Sa'd ibn Abi Waqqas

From Wikipedia, the free encyclopedia
  (Redirected from Sa`d ibn Abi Waqqas)
Jump to navigation Jump to search
Saʿd ibn Abī Waqqās
سعد بن أبي وقاص.png
Born595 AD
Mecca, Arabia
Died674 AD
Medina, Arabia
AllegianceRashidun Caliphate
Service/branchRashidun Army
Years of service636–644
Governor of Ctesiphon (637–638)
Governor of Busra (638–644), (645–646)
Commands heldRashidun conquest of Persian Empire
Saʿd ibn Abi Waqqas leads the armies of the Rashidun Caliphate during the Battle of al-Qādisiyyah from a manuscript of the Shahnameh.

Saʿd ibn Abī Waqqās (Arabic: سعد بن أبي وقاص‎) was one of the companions of the Islamic prophet. Sa'd was the third or fourth person to embrace Islam at the age of seventeen. He is mainly known for his commandership in the Battle of Qadisiyyah and in the conquest of Persia in 636, governorship over it, and diplomatic sojourns to China in 651.



Sa'd was born in Mecca, 595. His father was Abu Waqqas Malik ibn Uhayb ibn Abd Manaf ibn Zuhrah from the Banu Zuhrah clan of the Quraysh tribe.[1][2] Uhayb ibn Abd Manaf was the paternal uncle of Aminah bint Wahb,[3] mother of Muhammad. Sa'd's mother was Hamnah bint Sufyan ibn Umayya ibn Abd Shams ibn Abd Manaf.[4]

He was seventeen years old when he accepted Islam. He had many children, among whom his sons Umar and Aamir and his daughter A'isha are the most well-known.

During Muhammad's era 610–632[edit]

Mothers reaction about Sa'd's conversion to Islam[edit]

He was one of the first to accept Islam.[1]

Saʿd relates:

This was referenced in the Quranic verse 31:14–15.[1]


Bow of Saad bin Abi-Waqqas at Medina railway museum

In 614, the Muslims were on their way to the hills of Mecca to offer prayer with Muhammad, when a group of polytheists observed them. They began to abuse and fight them. Sa`ad beat a polytheist and shed his blood, reportedly becoming the first Muslim to shed blood in the name of Islam.[1][5]

He fought at the battle of Badr with his young brother ʿUmayr. Being only in his early teens, Umayr was denied access to battle, but after struggling and crying, he was later given permission by Muhammed to fight in battle. Saʿd returned to Medina alone; ʿUmayr was one of the fourteen Muslims who died in the battle.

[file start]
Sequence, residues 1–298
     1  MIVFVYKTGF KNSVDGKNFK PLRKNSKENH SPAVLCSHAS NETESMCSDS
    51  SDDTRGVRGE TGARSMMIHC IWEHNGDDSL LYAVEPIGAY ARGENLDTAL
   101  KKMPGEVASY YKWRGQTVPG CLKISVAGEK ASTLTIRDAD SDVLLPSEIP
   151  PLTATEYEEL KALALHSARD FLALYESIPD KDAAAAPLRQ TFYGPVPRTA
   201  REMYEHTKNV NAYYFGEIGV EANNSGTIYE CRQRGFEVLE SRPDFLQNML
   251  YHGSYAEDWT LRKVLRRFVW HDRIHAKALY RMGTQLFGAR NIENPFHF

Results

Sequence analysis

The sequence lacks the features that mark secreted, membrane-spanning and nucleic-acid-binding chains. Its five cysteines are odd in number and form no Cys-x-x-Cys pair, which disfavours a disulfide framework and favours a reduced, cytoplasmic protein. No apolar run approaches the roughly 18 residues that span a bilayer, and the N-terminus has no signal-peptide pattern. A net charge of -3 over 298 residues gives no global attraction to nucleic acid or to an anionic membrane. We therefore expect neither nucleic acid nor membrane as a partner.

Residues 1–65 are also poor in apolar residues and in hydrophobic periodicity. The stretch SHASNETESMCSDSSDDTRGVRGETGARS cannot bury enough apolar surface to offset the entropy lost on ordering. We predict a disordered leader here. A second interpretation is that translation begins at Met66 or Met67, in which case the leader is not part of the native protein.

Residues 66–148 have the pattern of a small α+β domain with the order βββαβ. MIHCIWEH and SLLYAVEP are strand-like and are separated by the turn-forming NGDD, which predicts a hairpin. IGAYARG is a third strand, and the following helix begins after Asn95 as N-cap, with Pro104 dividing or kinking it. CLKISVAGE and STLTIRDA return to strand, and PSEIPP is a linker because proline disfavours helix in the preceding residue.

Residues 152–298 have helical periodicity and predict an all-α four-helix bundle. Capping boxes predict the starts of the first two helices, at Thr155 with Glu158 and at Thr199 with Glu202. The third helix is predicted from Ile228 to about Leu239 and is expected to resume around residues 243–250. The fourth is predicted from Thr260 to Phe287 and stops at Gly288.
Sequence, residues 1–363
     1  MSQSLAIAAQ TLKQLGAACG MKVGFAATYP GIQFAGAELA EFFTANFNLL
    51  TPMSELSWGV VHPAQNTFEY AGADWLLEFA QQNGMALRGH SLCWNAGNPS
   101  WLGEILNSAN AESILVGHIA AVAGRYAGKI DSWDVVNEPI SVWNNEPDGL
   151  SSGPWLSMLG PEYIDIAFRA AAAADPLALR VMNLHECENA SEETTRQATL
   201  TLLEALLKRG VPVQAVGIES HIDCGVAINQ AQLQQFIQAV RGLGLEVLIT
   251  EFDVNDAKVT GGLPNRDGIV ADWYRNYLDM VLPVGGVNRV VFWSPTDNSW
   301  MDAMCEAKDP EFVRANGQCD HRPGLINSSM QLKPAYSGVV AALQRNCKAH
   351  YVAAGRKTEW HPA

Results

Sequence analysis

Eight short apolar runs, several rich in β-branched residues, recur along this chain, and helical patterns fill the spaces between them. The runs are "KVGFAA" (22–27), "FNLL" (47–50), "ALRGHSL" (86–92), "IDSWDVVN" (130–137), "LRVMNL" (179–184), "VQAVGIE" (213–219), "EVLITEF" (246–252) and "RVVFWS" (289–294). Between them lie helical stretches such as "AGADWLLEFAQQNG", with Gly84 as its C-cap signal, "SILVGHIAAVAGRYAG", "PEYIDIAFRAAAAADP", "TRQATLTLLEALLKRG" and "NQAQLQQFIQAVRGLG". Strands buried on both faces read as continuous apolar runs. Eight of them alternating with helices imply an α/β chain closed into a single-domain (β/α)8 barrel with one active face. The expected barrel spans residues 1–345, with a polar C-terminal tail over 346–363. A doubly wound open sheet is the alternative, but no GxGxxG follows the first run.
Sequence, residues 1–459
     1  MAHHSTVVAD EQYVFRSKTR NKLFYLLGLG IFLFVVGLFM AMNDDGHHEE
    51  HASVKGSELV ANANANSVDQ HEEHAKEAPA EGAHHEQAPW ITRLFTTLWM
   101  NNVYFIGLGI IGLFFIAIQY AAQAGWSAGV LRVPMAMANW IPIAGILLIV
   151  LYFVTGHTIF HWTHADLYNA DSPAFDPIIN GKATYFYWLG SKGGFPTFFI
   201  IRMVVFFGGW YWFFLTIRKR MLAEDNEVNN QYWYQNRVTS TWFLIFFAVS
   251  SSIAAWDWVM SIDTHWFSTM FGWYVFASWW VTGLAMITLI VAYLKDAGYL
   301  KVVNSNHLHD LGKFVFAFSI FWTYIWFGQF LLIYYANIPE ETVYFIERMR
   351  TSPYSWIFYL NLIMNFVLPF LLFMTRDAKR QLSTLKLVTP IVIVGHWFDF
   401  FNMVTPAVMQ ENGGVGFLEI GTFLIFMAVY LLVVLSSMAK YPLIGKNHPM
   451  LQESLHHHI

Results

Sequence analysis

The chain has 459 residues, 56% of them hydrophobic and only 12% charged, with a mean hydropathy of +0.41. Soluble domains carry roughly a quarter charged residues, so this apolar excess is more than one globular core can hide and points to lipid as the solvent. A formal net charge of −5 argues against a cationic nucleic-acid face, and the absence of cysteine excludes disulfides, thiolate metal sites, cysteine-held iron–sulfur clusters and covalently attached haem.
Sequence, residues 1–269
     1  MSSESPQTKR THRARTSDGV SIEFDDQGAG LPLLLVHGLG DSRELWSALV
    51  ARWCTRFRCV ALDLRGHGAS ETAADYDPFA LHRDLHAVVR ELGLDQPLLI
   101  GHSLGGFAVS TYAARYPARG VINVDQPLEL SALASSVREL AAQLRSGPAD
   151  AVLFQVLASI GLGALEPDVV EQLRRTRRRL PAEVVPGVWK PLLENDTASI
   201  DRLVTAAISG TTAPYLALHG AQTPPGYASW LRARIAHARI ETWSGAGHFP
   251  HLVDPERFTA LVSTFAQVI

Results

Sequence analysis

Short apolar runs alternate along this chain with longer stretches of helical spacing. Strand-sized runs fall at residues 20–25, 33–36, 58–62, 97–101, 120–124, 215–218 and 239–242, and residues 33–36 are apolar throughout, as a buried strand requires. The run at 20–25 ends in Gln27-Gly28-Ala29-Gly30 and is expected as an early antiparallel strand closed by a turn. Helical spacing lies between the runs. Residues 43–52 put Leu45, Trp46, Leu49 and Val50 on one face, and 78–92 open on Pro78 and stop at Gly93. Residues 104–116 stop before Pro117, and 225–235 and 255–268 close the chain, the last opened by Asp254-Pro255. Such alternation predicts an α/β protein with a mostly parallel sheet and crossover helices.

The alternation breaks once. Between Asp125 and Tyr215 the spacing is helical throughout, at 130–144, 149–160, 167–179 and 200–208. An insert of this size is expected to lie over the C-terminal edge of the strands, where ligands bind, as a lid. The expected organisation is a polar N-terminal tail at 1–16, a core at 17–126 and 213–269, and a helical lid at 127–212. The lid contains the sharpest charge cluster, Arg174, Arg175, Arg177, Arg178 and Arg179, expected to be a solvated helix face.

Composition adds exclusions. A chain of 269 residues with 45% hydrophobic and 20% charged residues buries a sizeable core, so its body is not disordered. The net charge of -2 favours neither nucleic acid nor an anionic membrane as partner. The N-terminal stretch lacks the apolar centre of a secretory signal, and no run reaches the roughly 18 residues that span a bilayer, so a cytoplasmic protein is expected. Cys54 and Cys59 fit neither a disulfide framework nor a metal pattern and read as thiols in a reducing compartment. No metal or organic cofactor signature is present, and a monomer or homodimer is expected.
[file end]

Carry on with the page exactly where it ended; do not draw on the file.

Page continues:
At the battle of Uhud, Saʿd was chosen as an archer together with Zayd, Saʿīb (the son of Uthmān ibn Mazūn) and others. Saʿd was among those who fought in defense of Muhammad after some Muslims had deserted their positions. Muhammad honoured him by declaring him one of the best archers of that time. During the battle, Muhammad gathered some arrows for him.

Farewell Pilgrimage[edit]

He fell ill during the Farewell Pilgrimage, and he had only a daughter during this period. Sa'ad said:

O Messenger of Allah. I have wealth and I only have one daughter to inherit from me.

Shall I give two thirds of my wealth as Sadaqah?" "No," replied the Prophet. "Then, (shall I give) a half?." asked Sa'ad and the Prophet again said 'no.' "Then, (shall I give) a third?' asked Sa'ad. "Yes," said the Prophet. "The third is much. Indeed to leave your heirs well-off is better than that you should leave them dependent on and to beg from people. If you spend anything seeking to gain thereby the pleasure of Allah, you will be rewarded for it even if it is a morsel which you place in your wife's mouth.[1]